Tell Them About It

Cade Clark 2019 Spring

Frustrated by a Congress that doesn’t understand your issues?

Those of us who work or play in general aviation (GA) have specialized knowledge that most folks don’t possess. The average person who is not part of our world knows very little about aviation other than baggage fees, TSA lines, and which airlines serve the best snacks.
Our industry is comprised of experts working every day out in the field. You operate, fix, and fly helicopters—or you offer products and services to support those who do. If anybody understands how our industry works or how we contribute to our communities, it’s you, the person working every day to make it happen.
I spend my days working with government staffers, providing information on our industry that relates to the many policy issues our lawmakers are working on. As a resource, I am only as valuable as my information. The data and insights I provide need to be straightforward and honest. The minute you start spinning that information—shaving a little truth here, telling alternative facts there—that is when you become known as a peddler of one-sided goods that don’t stand up to scrutiny. If you want to be trusted, you must dependably provide the good with the ugly.
At times, it may appear that more words than actions roll off the Hill and that Congress is not focused on issues important to you or your community. It also may seem that our representatives don’t have all the details or have all the wrong details. While we can all tell some fun jokes at Congress’s expense, seeing our elected representatives only through that lens is shortsighted and unproductive.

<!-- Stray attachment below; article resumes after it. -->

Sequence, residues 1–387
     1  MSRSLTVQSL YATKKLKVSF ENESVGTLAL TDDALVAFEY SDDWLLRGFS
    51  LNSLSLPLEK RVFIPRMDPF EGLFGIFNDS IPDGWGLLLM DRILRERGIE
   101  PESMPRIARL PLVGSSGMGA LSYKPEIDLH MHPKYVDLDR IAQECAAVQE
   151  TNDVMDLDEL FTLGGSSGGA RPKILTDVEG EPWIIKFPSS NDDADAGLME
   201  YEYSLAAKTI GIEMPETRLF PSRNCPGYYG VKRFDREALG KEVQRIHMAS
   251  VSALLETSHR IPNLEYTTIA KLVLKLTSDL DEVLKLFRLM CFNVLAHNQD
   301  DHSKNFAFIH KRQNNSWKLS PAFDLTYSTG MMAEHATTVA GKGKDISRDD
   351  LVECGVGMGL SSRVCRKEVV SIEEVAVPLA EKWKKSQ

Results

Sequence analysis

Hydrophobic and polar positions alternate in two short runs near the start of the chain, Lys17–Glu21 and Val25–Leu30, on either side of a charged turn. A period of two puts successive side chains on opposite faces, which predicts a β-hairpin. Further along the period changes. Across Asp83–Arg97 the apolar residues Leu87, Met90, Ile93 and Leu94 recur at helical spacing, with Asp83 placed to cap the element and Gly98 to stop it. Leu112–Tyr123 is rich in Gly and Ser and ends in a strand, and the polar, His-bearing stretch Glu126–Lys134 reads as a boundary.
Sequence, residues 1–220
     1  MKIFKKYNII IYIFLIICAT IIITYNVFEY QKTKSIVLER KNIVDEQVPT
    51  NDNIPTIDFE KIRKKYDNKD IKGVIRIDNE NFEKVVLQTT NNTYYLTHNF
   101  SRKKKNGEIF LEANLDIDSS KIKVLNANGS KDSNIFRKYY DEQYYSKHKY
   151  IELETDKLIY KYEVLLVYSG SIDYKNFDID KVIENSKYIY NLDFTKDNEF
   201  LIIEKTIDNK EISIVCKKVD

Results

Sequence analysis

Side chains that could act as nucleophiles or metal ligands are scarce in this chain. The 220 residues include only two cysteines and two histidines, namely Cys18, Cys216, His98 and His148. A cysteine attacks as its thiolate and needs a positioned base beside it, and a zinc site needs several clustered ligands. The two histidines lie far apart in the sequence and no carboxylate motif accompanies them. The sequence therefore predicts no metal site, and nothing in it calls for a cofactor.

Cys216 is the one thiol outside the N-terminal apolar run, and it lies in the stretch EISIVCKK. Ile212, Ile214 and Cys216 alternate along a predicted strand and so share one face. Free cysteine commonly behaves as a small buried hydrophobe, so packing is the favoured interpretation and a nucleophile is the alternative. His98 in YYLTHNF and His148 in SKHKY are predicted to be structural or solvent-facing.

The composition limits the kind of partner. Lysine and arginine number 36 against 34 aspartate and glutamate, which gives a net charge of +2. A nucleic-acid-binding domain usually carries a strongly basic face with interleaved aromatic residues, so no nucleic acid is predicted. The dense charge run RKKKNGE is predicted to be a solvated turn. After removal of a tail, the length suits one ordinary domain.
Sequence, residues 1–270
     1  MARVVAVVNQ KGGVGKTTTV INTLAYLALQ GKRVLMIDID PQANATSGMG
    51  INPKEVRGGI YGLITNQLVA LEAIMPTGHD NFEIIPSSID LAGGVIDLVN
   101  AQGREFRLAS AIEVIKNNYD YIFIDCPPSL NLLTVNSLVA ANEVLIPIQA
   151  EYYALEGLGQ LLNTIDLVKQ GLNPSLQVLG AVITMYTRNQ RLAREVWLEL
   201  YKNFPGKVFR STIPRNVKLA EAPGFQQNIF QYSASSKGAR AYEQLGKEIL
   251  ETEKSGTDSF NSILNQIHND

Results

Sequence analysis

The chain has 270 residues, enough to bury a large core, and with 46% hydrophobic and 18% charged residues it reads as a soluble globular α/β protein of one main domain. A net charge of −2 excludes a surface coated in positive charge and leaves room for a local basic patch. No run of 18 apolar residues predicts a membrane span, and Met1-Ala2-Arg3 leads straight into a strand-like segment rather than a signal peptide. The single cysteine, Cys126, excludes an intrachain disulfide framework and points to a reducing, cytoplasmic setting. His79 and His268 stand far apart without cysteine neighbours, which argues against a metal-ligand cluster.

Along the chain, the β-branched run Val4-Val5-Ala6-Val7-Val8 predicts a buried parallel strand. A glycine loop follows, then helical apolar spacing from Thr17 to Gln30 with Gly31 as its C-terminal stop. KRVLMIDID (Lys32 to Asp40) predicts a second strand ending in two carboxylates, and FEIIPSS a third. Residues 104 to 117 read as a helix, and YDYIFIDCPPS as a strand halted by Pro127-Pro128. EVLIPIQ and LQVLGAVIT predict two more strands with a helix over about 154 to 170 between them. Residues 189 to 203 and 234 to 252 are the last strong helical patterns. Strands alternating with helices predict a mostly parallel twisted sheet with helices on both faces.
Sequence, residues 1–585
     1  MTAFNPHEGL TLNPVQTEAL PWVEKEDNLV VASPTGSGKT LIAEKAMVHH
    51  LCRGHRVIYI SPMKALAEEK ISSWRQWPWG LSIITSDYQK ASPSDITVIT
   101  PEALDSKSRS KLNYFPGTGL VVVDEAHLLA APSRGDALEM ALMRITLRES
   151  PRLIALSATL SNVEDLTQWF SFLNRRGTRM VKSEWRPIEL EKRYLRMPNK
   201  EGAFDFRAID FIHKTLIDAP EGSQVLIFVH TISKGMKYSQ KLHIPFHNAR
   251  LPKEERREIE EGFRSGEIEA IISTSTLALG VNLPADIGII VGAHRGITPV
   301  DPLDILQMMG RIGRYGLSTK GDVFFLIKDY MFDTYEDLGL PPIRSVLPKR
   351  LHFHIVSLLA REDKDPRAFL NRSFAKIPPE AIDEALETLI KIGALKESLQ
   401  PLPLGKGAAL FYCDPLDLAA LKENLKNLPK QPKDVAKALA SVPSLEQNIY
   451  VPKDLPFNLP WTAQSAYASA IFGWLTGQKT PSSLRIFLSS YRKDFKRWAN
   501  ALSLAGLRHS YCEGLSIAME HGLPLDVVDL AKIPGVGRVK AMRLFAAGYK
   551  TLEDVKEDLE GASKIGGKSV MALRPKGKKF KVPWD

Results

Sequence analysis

Until we have a Congress drawn exclusively from the helicopter industry, our elected officials will need reliable data that tells the entire story. As the experts in that field, we need to help them understand what we do and why we do it that way.
I’m not talking about providing confidential or proprietary company data. I’m talking about sharing something even more important: your impact on your community. This includes more than your contributions to the tax base and your payroll. What about the missions you fly? How many homes did you save in the recent fire season? How many lives have you influenced for the better?
As your trade association, HAI advocates for your interests before legislators and regulators. We file comments on proposed regulations, and we regularly bring stakeholders together to craft consensus around common-sense policies that serve the greater good. But how involved are you in government and community outreach, either personally or for your company?
As you come out of winter hibernation, you may not be thinking of August just yet. But it’s right around the corner. Congress is in recess for the entire month, and all of the representatives will be back home in their districts to reconnect with constituents. Now is the perfect time to begin a relationship or strengthen an existing one. Reach out and invite your representative for a tour of your operations. (Let me know at if you do; I can share some tips to help you plan the visit.)
If you are reading ROTOR, you are probably a big fan of the helicopter industry. Don’t be afraid to share the good news about all that we do—with friends and neighbors, local schools, and your elected government officials. Don’t assume that they know your struggles and triumphs. Tell them about it! 

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